“I’m aware,” she said immediately.

“He came because he…” God help him, he couldn’t even get the damned words out. Untrue though they may be, once he uttered them, the impending scandal became real.

“What is it?” she whispered.

“He claims the previous Earl of Maxwell had a son, and that son did not perish.”

Silence met that revelation. Punctuated only by the occasional snap and hiss of the fire in the hearth.

“I’m sure this comes as something of a shock,” Tristan went on, when still she didn’t speak.

And yet…his mother, given to histrionics when her morning gossip papers were set down on the wrong side of her breakfast plate, remained…motionless. Entirely too calm. Her features even. Her color…the same. There was no call for her smelling salts, or noisy waterworks that produced no water.

He narrowed his eyes. “Mother?” he quietly prodded.

The countess jumped. “Hmm? I…” She scrabbled at her throat. Her fingers frantically moved to her skirts. And then back again to her throat.

“What does he b-believe?” her voice cracked.

His stomach muscles knotted. “That father was responsible.”

“Take a child and place him in some…some…foundling hospital?”—The earth stopped on its axis—“You shame your father’s memory, Tristan. Shame him.”

Oh, God. No. No. No. Tristan’s stomach pitched. “I didn’t say anything about a foundling hospital.”

His mother pressed a palm to her mouth, and then abruptly let it fall. “Why…of course you didn’t. I’m simply saying…I was merely hazarding what that…that Mr. Steele said to you.”

A humming filled his ears. It is true. It is true. Everything Steele had uttered had been based on fact. “Stop.”

“As if your father would ever do something so callous—”

“Stop,” Tristan said through that distant tunneling of his hearing.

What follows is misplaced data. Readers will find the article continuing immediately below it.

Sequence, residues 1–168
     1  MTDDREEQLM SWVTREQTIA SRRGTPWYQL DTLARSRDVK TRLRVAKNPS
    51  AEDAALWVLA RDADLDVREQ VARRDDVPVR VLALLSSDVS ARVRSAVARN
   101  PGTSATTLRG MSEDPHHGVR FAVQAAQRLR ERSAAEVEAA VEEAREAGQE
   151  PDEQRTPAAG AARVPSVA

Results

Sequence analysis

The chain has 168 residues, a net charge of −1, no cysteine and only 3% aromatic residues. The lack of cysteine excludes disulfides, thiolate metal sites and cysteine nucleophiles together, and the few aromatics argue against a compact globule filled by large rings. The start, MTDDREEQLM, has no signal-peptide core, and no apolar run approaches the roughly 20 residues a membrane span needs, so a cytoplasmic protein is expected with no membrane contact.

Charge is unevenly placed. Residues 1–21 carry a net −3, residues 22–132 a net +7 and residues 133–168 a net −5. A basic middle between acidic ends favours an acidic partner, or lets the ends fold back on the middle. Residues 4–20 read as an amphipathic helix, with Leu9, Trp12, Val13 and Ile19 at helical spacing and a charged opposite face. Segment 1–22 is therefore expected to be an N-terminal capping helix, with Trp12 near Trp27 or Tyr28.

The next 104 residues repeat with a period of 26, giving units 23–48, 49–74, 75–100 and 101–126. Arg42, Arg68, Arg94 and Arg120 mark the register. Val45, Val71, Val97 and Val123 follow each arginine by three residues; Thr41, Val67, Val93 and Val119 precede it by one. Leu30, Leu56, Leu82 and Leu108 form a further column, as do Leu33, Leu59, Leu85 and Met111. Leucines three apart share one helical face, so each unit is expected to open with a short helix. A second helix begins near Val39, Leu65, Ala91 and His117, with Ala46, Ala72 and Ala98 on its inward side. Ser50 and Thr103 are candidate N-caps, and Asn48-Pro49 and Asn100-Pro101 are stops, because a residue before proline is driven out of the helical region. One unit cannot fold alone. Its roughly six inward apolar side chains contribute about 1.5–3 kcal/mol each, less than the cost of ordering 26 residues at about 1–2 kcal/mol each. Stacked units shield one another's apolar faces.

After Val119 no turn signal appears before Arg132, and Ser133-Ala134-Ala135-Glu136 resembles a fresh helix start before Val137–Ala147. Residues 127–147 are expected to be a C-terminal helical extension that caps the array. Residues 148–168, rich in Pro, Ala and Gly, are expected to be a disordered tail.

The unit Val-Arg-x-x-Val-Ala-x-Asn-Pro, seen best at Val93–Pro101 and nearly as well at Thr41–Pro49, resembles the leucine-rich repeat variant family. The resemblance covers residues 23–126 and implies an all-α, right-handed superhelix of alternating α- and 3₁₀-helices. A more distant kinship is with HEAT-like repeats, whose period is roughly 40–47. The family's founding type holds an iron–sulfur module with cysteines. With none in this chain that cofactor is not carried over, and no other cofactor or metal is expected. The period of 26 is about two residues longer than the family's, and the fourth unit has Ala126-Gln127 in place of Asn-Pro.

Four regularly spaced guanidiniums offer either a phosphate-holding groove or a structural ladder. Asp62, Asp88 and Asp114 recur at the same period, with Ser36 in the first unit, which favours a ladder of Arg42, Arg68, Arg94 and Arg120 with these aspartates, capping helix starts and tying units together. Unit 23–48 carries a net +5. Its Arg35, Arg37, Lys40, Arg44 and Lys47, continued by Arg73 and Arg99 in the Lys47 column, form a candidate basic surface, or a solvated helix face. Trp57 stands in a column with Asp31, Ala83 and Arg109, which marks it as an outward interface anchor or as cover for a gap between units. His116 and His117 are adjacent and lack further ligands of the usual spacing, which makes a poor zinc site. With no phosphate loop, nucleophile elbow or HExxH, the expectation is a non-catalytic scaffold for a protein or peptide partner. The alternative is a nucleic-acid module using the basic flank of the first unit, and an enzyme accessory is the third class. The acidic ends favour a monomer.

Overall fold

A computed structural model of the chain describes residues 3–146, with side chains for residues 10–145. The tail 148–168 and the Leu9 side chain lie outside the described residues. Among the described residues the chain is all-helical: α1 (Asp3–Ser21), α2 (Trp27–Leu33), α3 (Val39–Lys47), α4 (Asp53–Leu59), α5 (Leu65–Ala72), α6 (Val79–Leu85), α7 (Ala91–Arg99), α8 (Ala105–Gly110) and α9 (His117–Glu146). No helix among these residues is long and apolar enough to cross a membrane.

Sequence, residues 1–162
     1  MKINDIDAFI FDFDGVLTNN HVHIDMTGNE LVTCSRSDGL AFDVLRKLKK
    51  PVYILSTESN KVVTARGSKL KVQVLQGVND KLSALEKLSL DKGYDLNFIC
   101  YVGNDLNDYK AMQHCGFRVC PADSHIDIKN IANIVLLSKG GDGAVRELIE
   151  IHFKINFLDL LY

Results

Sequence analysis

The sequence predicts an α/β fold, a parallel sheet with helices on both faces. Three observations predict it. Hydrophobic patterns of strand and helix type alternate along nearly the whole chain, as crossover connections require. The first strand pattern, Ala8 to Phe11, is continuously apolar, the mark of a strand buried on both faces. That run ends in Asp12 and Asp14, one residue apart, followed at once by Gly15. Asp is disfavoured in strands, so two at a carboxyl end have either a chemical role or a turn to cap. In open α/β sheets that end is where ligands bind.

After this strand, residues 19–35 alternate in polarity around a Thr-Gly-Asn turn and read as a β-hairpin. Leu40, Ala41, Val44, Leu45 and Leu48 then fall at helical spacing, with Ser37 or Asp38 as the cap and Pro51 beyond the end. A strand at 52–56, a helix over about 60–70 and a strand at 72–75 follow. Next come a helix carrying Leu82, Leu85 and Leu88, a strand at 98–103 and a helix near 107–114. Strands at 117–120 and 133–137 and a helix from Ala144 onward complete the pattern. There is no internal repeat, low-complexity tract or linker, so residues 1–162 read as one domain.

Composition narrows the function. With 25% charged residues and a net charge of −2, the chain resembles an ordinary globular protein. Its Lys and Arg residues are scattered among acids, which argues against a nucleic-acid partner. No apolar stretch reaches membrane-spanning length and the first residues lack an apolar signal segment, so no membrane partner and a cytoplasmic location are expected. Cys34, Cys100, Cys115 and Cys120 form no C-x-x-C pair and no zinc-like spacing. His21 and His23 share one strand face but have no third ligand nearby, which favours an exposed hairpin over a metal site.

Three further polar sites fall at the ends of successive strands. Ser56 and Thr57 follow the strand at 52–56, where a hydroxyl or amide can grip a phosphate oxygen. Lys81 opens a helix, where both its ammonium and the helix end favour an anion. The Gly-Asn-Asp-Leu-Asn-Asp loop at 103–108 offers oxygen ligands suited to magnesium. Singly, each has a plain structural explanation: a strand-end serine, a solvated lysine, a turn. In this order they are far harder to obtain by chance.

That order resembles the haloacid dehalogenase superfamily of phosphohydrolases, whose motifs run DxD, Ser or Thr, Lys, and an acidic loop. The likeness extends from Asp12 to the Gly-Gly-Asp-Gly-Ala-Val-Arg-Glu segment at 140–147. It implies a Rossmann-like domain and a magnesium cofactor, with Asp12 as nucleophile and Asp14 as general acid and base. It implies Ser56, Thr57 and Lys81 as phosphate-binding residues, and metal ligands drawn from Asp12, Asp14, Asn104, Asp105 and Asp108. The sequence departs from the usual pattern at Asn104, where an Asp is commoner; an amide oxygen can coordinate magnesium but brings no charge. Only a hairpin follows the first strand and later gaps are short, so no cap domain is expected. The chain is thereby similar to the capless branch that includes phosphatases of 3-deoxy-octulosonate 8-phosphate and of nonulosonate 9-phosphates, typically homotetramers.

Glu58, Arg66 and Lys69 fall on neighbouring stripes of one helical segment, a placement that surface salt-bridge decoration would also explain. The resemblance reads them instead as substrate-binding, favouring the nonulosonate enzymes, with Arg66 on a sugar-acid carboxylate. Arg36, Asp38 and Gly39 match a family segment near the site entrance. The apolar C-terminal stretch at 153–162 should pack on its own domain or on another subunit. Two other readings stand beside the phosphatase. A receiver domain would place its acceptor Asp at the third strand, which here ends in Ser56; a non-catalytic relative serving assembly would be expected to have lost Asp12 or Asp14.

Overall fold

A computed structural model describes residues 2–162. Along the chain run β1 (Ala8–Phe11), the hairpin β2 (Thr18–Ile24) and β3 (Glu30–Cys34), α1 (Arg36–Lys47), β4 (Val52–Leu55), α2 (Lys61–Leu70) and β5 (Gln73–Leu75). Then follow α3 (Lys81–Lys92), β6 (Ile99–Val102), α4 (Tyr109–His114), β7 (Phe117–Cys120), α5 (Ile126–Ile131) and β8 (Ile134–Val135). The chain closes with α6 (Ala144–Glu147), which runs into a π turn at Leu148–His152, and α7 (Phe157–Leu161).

So heinous.”

“I said ‘stop’,” he bellowed, exploding to his feet.

Gasping, his mother jumped back…and for the first time in the whole of his thirty-two years—she had no words.

His hands shaking, Tristan grabbed his half-empty snifter and downed the remaining contents; welcoming the burning trail it scorched down his throat. He set the glass down hard, and then looked to his mother. “I want the truth.”

“Tristan,” she began in those affronted tones she adopted with the damned servants.

“I want the truth.” He bit out each syllable as he spoke.

“He did it for you,” she said on a broken whisper.

Oh, God.

A piteous moan swelled in his throat, choking him with the perfidy that had been his existence. Nay, this…none of it had been his. He’d lived the life belonging to another. An exalted one of wealth and opulence…stolen for him by his parents.

A restless energy filled him. Tristan took a step. And then stopped.

He took another. He needed to flee. To think.

Only there was nowhere to go. And there was nothing that would make sense of…this. Of what his family had done. Of what he himself had unwittingly been part of. Tristan, who’d held his honor above all else: on the battlefield. In his family. In his every relationship. Should now find his fortunes and recent past and now present were a product of the greatest dishonor.

I am going to throw up.

“Don’t look at me like that,” she whispered, snapping him back.

“And how am I looking at you, Mother?” he asked quietly. “As though, you and Father schemed to kidnap a child and divest him of his future? Stole from him so that we could have…this?”

She exploded to her feet. “Hush,” she hissed, alternating a frantic glance from the door and back to Tristan. “It was your father. He convinced me there was no other way.”

A half-mad laugh exploded from him, and at last, he managed to move.

No other way than to kidnap a child. To leave him for dead. To steal his title and his fortunes, and give them instead over to another family. An undeserving one. Tristan’s family.

His mother touched his sleeve, and he startled. He whose hearing and senses had been so heightened that he’d saved himself with nothing more than the crack of a brush in Brussels. Everything had been muted. Distorted as his whole life had become.

“He was sick, Tristan,” she cajoled. “He couldn’t have survived.”

And Tristan wanted to believe that. Only… His gaze fell to the drawer where that folder rested. “Mr. Steele has made a claim to the contrary.” And Tristan had rebuffed it outright. He’d called Steele out for being wrong, and leveled accusations against the man whom Steele had titled the rightful heir. “He survived, Mother,” he said flatly.

“Bah, what does this street rat turned investigator know? Why it’s very likely a fellow street rat colluding with him to divest us of everything we have.”